“Doctors” are fakes—they don’t have a doctorate!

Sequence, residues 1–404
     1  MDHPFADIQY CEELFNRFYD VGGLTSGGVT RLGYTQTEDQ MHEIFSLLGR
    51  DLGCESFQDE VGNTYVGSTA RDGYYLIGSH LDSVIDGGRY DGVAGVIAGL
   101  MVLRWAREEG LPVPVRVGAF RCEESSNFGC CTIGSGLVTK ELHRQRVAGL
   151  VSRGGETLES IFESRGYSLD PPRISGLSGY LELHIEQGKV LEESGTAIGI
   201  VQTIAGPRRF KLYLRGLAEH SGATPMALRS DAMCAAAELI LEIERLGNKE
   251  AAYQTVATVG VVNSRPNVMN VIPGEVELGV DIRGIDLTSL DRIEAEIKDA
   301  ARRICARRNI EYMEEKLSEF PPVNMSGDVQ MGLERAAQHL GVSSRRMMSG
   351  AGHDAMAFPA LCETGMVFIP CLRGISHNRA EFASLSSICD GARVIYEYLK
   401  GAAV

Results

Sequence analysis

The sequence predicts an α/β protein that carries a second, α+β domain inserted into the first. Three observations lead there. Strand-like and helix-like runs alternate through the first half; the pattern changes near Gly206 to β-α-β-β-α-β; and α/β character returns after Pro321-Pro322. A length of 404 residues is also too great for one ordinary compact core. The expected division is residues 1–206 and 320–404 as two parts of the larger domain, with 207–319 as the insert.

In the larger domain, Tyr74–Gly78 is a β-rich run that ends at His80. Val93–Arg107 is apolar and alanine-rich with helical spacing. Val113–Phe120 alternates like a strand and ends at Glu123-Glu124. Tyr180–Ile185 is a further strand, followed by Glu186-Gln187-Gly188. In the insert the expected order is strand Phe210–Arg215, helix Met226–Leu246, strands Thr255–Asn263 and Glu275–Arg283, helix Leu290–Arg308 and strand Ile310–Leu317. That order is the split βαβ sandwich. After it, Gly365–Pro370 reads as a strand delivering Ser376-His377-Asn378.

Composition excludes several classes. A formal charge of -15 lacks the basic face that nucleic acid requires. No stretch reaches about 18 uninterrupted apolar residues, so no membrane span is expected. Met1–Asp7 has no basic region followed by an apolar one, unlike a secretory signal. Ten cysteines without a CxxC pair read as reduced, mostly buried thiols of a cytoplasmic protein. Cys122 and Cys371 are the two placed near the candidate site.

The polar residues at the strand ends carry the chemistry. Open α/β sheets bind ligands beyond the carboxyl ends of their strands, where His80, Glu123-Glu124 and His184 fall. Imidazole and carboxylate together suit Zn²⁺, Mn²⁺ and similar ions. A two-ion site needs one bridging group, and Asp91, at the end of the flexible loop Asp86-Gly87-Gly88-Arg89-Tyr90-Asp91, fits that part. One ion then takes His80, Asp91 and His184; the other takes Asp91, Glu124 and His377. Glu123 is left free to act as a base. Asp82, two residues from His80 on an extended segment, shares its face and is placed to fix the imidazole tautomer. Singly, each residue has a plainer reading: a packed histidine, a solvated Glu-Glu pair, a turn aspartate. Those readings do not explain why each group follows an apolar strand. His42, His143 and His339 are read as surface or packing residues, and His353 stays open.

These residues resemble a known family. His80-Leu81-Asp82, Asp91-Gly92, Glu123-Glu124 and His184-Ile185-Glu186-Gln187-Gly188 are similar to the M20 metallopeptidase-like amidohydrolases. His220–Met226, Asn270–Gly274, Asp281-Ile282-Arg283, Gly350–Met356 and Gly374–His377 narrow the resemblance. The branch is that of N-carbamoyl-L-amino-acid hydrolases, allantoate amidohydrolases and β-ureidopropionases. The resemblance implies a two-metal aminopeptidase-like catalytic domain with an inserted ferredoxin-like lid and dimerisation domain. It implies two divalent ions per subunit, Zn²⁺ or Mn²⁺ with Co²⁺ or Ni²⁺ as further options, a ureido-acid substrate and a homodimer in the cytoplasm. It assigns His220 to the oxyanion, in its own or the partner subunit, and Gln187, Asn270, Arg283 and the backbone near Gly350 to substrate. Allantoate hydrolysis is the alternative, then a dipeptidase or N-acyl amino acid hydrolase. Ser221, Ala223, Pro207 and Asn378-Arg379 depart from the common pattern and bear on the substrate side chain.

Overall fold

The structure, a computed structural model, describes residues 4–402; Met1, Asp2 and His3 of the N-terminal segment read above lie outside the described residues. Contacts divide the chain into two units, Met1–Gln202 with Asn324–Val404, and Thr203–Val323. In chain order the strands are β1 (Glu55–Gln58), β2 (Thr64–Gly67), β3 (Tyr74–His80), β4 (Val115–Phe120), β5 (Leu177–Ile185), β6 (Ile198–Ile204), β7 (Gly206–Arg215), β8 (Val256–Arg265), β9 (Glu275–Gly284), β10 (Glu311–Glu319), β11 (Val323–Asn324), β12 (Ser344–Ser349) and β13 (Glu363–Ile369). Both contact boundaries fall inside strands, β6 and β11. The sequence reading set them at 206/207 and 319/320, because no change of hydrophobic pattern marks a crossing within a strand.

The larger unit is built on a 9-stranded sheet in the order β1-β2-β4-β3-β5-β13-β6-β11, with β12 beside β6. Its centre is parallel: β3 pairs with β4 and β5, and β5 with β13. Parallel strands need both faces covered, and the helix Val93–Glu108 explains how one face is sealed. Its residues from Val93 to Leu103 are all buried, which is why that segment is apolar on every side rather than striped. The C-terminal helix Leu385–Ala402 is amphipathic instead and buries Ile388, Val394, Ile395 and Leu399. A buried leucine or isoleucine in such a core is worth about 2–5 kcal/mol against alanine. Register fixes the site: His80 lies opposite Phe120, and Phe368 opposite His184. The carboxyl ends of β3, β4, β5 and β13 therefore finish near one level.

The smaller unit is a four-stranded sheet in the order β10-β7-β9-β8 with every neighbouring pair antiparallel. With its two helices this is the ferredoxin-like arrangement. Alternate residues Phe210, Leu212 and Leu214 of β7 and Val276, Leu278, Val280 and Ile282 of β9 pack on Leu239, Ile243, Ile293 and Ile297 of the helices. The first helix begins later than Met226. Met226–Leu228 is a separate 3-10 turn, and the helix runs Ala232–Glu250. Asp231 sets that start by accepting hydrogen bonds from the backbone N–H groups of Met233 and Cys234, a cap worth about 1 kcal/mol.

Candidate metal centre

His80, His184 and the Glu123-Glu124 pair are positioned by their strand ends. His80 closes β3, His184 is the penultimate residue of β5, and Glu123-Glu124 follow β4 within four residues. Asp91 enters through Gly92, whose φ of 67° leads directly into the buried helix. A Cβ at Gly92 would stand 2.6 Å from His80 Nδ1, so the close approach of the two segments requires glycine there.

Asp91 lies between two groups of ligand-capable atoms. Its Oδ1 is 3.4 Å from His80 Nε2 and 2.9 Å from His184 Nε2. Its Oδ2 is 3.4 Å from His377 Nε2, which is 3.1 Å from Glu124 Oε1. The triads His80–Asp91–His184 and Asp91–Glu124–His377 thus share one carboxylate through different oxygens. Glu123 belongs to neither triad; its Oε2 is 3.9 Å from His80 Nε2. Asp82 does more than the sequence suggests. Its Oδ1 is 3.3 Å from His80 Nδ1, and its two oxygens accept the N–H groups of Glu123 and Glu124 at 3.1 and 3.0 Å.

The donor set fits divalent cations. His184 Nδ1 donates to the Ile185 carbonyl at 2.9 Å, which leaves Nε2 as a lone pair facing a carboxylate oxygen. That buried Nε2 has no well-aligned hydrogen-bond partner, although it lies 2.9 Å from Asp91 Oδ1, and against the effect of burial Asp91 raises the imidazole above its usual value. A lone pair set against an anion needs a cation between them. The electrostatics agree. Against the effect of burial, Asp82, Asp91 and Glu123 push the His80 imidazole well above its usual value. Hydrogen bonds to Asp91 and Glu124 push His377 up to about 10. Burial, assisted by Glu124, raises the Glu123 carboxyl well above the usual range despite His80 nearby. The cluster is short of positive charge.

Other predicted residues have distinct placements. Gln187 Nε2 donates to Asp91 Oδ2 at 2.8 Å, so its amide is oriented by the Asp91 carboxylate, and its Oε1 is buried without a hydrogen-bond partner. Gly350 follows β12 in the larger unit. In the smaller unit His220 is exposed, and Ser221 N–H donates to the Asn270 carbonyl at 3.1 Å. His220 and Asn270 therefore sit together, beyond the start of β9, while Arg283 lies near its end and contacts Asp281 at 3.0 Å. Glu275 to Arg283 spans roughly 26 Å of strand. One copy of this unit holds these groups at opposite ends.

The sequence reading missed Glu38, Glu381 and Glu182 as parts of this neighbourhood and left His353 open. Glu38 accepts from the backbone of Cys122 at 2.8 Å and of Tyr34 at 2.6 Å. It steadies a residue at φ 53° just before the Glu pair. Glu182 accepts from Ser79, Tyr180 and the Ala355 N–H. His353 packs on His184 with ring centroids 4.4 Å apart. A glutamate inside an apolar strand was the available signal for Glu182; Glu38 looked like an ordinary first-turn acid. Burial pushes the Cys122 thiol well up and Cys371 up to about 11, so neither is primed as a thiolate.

photo (1)My name is Joan Salah.  I am a local family doctor and, when I flatter myself, I call myself a woman in science.  I grew up in the tiny village of Iona, the second of 5 children.  My mother was a single parent hippie artist from Halifax, so I always felt like a bit of an outsider there.  In high school, I decided to be a “Doctor”.  After all, I had been telling everyone far and wide how very smart I was and I figured that was the best way to prove it.  Off I went to Mount Allison to do Biochemistry and ultimately to go to medical school.  I knew nothing about medicine or what my ultimate career might look like; I was armed only with a general knowledge of what it might take to get accepted.  Very quickly all my plans got turned upside down.  As it turned out, I loved Chemistry.  I was good at it; I loved the research, the collegial environment and the small university experience.  There I discovered that “Doctors” are fakes—they don’t have a doctorate!  Everyone in a University knows that true intellectuals have PhDs, so off I went in search of one for myself.   I applied to Dalhousie, got my NSERC funding and my future was set in motion.  I was bothered, however, by a niggling curiosity:  I had said I would get into Medical School, could I? So, I applied.  I only applied to Dalhousie, assuming I would not get in anyway.  When I did get in, I thought I shouldn’t waste the opportunity.  Well, what an enormous mistake.  In my first 2 years I was miserable.  Compared to my beloved chemistry lab, medicine was a mess.  Nothing was controlled, very little was well known and I felt like all I could do was memorize great and growing lists of stuff.  In my undergrad, however mistakenly, there were times that I felt like I really knew something well.  I never felt this way in Medicine.  In my second year, I wanted to quit, but realized I was so far in debt that quitting was no longer financially feasible.  Finally, in 3rd year we were launched on the poor unsuspecting patients of Halifax and, thankfully, I remembered that I really do like people and medicine is really all about people.  From there, slowly, medicine became science to me.  I learned again to ask thoughtful questions, to examine and to pay attention.  I did tests, tried to prove theories and in the end tried to formulate an answer and consider management.  As it turns out, my job now is not so different as I imagined my life as a chemistry professor.  I teach, I participate in the (often fascinating) lives of my patients and not a day goes by that I don’t experience something new.


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